CCGs advised on conflicts of interest
Careful planning and transparency in decision-making will enable GPs to avoid conflicts of interest in the new era of clinically led commissioning, according to guidance for Clinical Commissioning Groups (CCGs).
The guidance, issued jointly by the RCGP Commissioning Centre and the NHS Confederation, sets out some key principles that it says can overcome such conflicts, which otherwise threaten to damage patients' confidence in the integrity of clinicians.
The report acknowledges highly publicised fears that GP commissioners will face multiple conflicts of interest in their dual roles as purchasers and providers, in particular from clashes between the interests of taxpayers and those of individual patients, or the companies and partnerships that GPs own or work for.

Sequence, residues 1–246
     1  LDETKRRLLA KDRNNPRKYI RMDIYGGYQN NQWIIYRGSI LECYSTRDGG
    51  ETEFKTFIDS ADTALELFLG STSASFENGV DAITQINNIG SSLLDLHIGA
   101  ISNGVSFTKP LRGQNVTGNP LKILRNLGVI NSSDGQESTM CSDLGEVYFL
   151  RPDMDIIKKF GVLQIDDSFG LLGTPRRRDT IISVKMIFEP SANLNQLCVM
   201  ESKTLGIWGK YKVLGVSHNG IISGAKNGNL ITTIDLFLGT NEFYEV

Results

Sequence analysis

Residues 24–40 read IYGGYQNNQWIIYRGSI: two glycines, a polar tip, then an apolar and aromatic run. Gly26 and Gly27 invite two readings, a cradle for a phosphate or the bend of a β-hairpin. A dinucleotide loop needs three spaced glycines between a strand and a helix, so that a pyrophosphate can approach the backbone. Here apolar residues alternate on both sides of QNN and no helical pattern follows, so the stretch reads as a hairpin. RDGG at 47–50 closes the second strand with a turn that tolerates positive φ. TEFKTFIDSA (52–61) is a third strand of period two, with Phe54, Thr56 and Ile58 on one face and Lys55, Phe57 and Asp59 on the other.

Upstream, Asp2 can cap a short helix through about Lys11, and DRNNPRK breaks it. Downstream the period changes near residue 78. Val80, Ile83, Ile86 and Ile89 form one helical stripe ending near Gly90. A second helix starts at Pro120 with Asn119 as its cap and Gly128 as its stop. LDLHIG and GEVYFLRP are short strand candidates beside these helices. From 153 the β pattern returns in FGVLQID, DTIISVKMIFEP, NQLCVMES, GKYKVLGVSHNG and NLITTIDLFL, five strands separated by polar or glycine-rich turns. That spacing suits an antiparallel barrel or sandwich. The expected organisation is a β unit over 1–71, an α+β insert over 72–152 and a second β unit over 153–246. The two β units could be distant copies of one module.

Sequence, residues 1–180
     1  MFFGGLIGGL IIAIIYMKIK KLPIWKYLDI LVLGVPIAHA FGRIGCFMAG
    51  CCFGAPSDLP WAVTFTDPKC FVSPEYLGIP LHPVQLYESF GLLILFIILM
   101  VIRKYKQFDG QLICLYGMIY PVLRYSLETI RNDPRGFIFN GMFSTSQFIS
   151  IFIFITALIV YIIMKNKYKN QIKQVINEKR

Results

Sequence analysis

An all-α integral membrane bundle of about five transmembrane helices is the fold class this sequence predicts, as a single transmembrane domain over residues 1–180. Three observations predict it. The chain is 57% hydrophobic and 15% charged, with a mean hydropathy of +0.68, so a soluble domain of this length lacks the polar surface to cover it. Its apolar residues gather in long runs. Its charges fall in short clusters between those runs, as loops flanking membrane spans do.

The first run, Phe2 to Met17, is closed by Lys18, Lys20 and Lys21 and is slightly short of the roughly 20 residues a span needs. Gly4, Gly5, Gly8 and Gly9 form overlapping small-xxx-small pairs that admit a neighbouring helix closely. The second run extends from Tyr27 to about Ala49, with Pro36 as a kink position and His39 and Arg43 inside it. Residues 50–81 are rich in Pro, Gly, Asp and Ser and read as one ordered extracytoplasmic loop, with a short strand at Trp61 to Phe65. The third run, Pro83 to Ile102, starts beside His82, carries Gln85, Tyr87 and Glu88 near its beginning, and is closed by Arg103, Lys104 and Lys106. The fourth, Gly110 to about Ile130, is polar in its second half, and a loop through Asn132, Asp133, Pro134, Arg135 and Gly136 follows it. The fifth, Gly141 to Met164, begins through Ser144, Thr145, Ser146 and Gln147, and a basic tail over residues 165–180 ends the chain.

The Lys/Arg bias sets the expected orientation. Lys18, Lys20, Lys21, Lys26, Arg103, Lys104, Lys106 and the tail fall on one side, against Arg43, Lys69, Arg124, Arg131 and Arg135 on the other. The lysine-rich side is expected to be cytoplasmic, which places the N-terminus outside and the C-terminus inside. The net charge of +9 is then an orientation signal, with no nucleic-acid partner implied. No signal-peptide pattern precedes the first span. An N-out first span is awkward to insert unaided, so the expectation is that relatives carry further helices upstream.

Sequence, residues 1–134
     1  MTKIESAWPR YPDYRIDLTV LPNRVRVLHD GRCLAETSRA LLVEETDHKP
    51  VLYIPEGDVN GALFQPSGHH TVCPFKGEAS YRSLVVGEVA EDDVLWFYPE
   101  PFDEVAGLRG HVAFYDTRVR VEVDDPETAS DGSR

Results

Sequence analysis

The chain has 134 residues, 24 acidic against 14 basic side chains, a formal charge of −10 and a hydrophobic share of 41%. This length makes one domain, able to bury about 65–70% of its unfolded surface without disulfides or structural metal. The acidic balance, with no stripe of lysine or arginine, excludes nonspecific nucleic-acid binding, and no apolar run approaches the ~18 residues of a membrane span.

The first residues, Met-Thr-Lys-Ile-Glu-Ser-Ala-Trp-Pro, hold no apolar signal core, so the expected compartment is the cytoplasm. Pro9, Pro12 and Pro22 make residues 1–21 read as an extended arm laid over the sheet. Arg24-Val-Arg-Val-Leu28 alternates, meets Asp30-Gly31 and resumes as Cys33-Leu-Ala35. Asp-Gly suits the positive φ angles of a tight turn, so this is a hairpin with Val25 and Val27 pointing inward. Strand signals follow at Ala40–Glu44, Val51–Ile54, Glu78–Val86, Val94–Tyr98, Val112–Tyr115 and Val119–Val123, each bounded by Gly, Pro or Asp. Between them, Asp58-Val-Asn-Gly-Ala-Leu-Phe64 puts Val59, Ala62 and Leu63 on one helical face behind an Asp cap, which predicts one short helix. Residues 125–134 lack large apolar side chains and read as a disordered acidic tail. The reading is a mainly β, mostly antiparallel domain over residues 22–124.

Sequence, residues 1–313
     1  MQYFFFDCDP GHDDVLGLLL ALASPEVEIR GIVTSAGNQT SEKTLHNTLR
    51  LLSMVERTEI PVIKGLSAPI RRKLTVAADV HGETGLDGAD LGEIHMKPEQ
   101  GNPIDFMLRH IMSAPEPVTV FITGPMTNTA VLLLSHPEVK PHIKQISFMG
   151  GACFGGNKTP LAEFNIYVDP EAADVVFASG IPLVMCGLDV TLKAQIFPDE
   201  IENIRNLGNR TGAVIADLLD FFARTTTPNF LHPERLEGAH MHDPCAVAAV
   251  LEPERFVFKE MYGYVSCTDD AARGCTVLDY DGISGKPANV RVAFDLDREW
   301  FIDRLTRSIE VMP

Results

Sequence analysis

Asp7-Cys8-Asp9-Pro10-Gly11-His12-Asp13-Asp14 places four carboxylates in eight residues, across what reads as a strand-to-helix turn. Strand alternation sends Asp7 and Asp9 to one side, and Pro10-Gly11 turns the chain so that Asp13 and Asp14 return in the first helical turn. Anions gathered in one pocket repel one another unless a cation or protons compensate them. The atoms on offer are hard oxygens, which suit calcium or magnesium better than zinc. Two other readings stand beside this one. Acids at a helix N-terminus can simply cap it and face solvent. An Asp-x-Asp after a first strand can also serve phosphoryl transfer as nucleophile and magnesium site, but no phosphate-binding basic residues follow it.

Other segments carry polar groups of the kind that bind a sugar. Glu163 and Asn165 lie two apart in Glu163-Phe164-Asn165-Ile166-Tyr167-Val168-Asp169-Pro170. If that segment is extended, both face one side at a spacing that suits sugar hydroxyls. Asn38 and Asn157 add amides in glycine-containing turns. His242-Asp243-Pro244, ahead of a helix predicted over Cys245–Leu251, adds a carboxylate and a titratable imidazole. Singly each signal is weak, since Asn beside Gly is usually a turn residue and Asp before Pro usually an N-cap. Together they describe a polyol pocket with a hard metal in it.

But it says that doctors can effectively manage these by "doing business properly", in terms of planning needs assessments, consultations and procurement processes from the outset, as well as by actively seeking out potential conflicts in advance and having clear and robust, but not overly prescriptive, rules and procedures.
Nevertheless, given that uncertainty currently remains over how to clearly define significant conflicts of interest for GPs and other clinical commissioners, the guidance also proposes a so-called 'Paxman test' for doctors to weigh up a particular set of circumstances.
"If you might be embarrassed if asked to explain a situation to an investigative journalist or reporter, a conflict of interest probably exists," it states.
RCGP chair, Dr Clare Gerada, said: "For all GPs, maintaining the highest ethical standards in all their activities is fundamental, and this applies to the commissioning of healthcare services through their role in clinical commissioning groups."
GP News is an independent clinical news service provided by Springer Healthcare Limited. © Springer Healthcare Ltd; 2011
By Caroline Price